California police dug up a buried car and found themselves in a mystery

(AP)

It wouldn’t be shocking to see a convertible Mercedes Benz parked in the driveway of a house in Atherton, California.

A short drive from Palo Alto and San Francisco, where some of the most profitable tech companies on the planet reside, Atherton is home to tech moguls who have median household income that the US Census Bureau estimates to be more than $ 450,000. Surely these well-paid residents would want a car that would allow them to enjoy that California sunshine they pay so much for.

But the Mercedes Benz convertible in this story was not found in a driveway or cruising along a California highway – it was found buried under five feet of dirt in the backyard of an Atherton mansion. He had been reported for theft in 1992.

On Thursday, the landscapers were tending the back of the $ 15 million mansion when they made the curious discovery. Not even hidden deep in a grave underground was a car. Strange as it may be, they were further perplexed to find that the car had been weighed down with unused sacks of concrete.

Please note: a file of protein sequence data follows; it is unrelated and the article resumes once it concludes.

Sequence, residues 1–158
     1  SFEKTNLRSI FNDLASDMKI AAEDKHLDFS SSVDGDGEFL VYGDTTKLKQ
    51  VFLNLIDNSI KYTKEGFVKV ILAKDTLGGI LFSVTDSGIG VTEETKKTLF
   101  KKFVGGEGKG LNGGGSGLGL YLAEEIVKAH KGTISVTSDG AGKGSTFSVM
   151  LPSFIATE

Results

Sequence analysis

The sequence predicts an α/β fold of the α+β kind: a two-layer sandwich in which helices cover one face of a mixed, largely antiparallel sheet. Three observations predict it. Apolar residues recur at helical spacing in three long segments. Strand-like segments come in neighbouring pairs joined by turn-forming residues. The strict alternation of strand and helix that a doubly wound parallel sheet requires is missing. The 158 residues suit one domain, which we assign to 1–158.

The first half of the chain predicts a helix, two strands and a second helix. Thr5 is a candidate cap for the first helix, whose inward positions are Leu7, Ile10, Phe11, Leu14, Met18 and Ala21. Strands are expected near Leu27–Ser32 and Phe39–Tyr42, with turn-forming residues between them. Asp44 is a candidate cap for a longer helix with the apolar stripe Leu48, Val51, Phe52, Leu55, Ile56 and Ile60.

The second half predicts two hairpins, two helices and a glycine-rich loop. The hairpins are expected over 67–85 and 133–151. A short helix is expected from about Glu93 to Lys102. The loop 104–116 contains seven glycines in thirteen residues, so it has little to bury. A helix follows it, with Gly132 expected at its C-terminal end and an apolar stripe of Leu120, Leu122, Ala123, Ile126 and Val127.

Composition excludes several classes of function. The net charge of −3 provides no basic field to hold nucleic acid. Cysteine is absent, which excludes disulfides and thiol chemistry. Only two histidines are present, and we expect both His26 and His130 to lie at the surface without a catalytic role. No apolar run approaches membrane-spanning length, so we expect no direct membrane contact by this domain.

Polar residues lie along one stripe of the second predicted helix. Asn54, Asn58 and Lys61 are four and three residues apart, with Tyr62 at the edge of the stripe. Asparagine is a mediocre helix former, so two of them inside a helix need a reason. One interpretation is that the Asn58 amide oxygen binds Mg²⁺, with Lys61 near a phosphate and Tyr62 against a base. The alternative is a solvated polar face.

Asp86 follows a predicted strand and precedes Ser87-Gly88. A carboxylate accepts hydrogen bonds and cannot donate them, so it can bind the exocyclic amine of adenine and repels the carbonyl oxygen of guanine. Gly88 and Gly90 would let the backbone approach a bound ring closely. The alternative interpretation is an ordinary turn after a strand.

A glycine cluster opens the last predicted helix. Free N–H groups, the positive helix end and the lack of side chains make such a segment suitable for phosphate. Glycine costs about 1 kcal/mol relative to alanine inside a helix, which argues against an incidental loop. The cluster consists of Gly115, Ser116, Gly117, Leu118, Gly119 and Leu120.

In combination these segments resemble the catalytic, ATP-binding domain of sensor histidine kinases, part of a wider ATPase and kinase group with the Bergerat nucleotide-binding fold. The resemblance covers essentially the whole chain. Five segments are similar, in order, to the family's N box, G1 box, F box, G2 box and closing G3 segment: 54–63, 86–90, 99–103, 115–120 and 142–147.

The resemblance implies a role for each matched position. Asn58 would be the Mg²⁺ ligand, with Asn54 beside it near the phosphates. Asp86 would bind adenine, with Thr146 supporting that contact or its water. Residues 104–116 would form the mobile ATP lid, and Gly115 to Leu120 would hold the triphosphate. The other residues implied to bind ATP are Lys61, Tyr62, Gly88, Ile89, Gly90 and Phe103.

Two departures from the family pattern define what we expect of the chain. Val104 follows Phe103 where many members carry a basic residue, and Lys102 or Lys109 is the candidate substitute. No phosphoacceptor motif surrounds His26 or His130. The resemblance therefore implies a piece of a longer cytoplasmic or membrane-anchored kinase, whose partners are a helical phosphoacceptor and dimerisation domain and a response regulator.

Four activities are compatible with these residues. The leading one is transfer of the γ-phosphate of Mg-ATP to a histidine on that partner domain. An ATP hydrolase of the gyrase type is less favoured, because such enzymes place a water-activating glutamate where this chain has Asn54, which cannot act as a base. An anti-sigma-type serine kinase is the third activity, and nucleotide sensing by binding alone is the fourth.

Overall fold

Local police were alerted to the discovery and went down to the villa later that day. Officers brought cadaver sniffer dogs with them during the inspection, and the dogs’ reactions indicated the possibility of finding human remains.

When it comes to cadaver sniffer dogs, “human remains” takes on a broad definition. A positive storyline could indicate anything from a complete corpse to the presence of bones, blood, vomit, or any combination of guts and humor.

“They are tackling a landscaping project, so it’s entirely possible that this is a worker who has been cut down and dripped blood on the ground. We just don’t know what the dogs are reacting to until we find out.” Atherton police commander Daniel Larsen told CBS News.

In addition to the quagmire, police officers noted that the dogs’ reaction was far from definitive. The dogs – whose noses detect odors between 10,000 and 100,000 times that of humans, according to the Florida State University Sensory Research Institute – barely remained registered.